Five Helpful Things for Employees to Know About CBD Products
(December 2019) You are probably hearing and seeing a lot about cannabidiol (CBD) products. From signs in store windows and grocery store displays to ads on social media, CBD is being touted as a remedy for numerous physical and mental health conditions.
As with most hot topics, not only is there a lot of conversation about CBD, but there is also a lot of confusion around it. Beyond understanding what CBD is, it’s important for people who are considering purchasing these products to know some basics – including some that are pertinent to the workplace. There is a myriad of questions around CBD and products containing CBD. But let’s focus on these five basics:
1. Technically, CBD is legal.
Stuck on that word, “technically?” You should be! The passage of the 2018 Federal Farm Bill paved the way for CBD to be extracted from hemp (a plant, like marijuana, in the cannabis family). However, CBD can also be found in marijuana. This means that where CBD comes from matters. Additionally, the Farm Bill gives states the authority to regulate hemp and hemp-derived products (including those containing CBD) which could result in some conflict between what state and federal law says is legal.
2. There aren’t many proven benefits of CBD products.
Except for one prescription medication approved to treat severe forms of childhood epilepsy (i.e., Epidiolex®), the Food and Drug Administration (FDA) is still studying and weighing the risks and benefits of CBD products. This means that claims made about the benefits of food, lotions, supplements, makeup and even pet products containing CBD should be considered with skepticism as they have not been substantiated by the FDA. In fact, noting several safety-related concerns, the FDA has been sending warning letters to companies illegally marketing CBD products for therapeutic uses.
3. Product labeling may not accurately identify all ingredients (including THC).
The lack of FDA regulations is problematic when it comes to knowing how much THC is contained in a CBD product. (Remember, THC is the chemical that can cause a “high” and trigger a positive drug test). Without FDA oversight, there are no assurances about how a CBD product is processed, how it’s packaged or how it’s labeled. This means, when purchasing CBD products, it’s hard to be sure what’s in it, how pure it is, or if it contains high levels of THC or known contaminants (e.g., pesticides or heavy metals).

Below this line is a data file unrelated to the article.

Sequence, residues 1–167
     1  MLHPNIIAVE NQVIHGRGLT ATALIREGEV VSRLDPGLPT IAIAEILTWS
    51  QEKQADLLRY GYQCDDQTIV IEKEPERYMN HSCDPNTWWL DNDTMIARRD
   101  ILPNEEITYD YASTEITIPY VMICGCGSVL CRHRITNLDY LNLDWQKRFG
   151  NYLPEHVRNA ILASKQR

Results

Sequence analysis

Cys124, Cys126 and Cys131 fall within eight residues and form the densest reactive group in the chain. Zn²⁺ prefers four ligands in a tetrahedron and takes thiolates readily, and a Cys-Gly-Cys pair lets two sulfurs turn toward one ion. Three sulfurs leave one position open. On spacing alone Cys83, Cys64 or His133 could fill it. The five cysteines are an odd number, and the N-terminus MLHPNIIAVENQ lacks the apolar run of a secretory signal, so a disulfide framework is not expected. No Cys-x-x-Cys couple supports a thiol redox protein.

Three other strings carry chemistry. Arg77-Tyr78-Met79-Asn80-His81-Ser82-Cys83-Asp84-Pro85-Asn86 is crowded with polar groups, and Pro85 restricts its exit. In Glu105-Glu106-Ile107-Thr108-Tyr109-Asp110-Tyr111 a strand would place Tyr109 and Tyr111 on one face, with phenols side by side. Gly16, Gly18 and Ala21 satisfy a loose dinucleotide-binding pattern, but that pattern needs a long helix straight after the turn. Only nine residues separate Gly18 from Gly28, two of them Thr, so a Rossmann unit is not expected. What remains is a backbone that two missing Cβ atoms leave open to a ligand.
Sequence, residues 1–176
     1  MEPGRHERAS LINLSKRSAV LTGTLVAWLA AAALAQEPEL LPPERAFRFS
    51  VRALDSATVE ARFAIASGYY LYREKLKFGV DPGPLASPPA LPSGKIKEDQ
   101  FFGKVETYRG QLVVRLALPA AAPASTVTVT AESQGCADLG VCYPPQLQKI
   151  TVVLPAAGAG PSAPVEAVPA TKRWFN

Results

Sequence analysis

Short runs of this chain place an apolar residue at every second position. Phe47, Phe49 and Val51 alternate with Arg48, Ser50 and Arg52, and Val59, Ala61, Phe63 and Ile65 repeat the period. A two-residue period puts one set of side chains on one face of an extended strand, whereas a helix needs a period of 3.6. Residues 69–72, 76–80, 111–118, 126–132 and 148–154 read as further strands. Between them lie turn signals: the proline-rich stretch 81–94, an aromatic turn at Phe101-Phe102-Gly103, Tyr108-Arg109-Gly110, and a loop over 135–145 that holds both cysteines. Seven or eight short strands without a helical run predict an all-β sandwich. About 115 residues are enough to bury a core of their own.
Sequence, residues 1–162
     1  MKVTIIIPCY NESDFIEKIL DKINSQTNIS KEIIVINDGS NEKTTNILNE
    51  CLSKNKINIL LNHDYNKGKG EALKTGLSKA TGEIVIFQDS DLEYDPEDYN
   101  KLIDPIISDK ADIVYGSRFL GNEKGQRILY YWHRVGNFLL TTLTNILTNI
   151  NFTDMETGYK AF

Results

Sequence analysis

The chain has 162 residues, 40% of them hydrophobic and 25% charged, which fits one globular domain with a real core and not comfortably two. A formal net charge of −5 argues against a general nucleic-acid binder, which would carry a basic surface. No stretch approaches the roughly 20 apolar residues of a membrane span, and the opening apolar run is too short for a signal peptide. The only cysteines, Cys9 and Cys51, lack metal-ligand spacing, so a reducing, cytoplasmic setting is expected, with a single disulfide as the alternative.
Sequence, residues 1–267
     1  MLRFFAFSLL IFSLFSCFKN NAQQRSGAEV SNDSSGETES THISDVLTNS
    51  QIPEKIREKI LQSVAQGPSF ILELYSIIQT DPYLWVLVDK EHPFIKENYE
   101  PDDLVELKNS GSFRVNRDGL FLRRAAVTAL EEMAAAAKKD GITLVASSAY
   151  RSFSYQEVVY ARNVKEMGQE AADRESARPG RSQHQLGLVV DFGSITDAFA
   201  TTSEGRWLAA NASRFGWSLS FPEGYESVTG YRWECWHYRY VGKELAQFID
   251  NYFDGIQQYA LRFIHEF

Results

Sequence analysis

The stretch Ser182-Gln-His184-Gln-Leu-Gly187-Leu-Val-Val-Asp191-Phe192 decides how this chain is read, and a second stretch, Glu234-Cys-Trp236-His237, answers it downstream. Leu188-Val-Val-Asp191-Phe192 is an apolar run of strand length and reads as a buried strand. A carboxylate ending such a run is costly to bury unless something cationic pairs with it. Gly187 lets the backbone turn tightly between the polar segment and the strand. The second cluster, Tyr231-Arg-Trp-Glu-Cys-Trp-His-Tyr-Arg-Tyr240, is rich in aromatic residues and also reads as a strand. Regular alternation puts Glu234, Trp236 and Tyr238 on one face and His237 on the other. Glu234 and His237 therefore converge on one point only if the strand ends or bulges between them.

In fact, a Penn State University study found that seven out of 10 CBD products sold online were either over or under labeled, and Ellipse Analytics tested the top-selling 240 products and found 70% of them contained heavy metals, pesticides and toxic molds. Individuals planning to buy these products need to beware and to do their research to ensure they can trust the product being purchased.
4. There are differences between CBD products sold in retail stores and those sold in medical marijuana dispensaries.
Because of state regulations, CBD products sold in dispensaries are typically tracked from seed to store and tested to confirm purity and contents – including the levels of CBD and THC. Keep in mind, though, that depending on the state, consumers may need to get a formal recommendation from a qualified medical professional in order to purchase anything from a dispensary.
5. It’s important to know any workplace rules or expectations regarding their use of CBD products.
With all the uncertainty around CBD products, it’s important to understand what your company’s drug-free policy says (or doesn’t say) about the use of CBD products. For example, how will the employer respond if an employee uses a mislabeled product (i.e., one that contains illegally high levels of THC) and tests positive on a workplace drug test?
It bears saying, and is hopefully evident from the items above, that it’s difficult to discuss CBD and CBD products in black and white terms – instead, it’s a whole lot of gray. Therefore, it’s important to check things out before purchasing and/or using a CBD product. Research what your state laws say about CBD. Research the stores, producers and brands selling CBD so, if you choose to, you can make an informed purchase. Research what expectations your workplace has regarding CBD. The more you know about CBD products, the better you can protect yourself from unintended consequences if you choose to use them.
For employees and employers who want more information about CBD and how it can impact the workplace, Working Partners® has released a new course that can help. Sorting out the Confusion Around CBD is a 22-minute, OnDemand course designed to provide learners with a baseline understanding of CBD and answer frequently asked questions such as, “Is CBD safe?” and “Will CBD show up on a drug test?”